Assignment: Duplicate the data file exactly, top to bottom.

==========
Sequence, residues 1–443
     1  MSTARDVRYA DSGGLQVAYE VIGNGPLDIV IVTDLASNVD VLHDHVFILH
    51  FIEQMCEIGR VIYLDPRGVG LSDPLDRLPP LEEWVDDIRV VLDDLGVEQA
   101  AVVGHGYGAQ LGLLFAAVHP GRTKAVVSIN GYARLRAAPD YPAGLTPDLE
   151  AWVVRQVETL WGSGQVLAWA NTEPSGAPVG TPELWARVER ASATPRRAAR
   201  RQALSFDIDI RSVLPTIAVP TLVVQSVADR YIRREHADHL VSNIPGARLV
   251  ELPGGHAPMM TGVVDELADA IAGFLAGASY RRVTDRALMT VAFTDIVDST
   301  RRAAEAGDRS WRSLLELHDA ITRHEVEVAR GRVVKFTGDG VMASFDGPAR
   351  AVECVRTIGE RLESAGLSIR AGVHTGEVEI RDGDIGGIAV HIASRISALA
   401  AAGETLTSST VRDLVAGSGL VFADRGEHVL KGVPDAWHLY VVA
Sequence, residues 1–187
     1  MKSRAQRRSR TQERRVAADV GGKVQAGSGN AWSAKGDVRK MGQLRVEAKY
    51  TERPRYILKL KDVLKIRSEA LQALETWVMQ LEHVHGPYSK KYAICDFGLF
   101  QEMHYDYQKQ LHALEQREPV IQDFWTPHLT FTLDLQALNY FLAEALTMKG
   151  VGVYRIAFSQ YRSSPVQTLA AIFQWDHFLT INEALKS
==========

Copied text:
Sequence, residues 1–443
     1  MSTARDVRYA DSGGLQVAYE VIGNGPLDIV IVTDLASNVD VLHDHVFILH
    51  FIEQMCEIGR VIYLDPRGVG LSDPLDRLPP LEEWVDDIRV VLDDLGVEQA
   101  AVVGHGYGAQ LGLLFAAVHP GRTKAVVSIN GYARLRAAPD YPAGLTPDLE
   151  AWVVRQVETL WGSGQVLAWA NTEPSGAPVG TPELWARVER ASATPRRAAR
   201  RQALSFDIDI RSVLPTIAVP TLVVQSVADR YIRREHADHL VSNIPGARLV
   251  ELPGGHAPMM TGVVDELADA IAGFLAGASY RRVTDRALMT VAFTDIVDST
   301  RRAAEAGDRS WRSLLELHDA ITRHEVEVAR GRVVKFTGDG VMASFDGPAR
   351  AVECVRTIGE RLESAGLSIR AGVHTGEVEI RDGDIGGIAV HIASRISALA
   401  AAGETLTSST VRDLVAGSGL VFADRGEHVL KGVPDAWHLY VVA
Sequence, residues 1–187
     1  MKSRAQRRSR TQERRVAADV GGKVQAGSGN AWSAKGDVRK MGQLRVEAKY
    51  TERPRYILKL KDVLKIRSEA LQALETWVMQ LEHVHGPYSK KYAICDFGLF
   101  QEMHYDYQKQ LHALEQREPV IQDFWTPHLT FTLDLQALNY FLAEALTMKG
   151  VGVYRIAFSQ YRSSPVQTLA AIFQWDHFLT INEALKS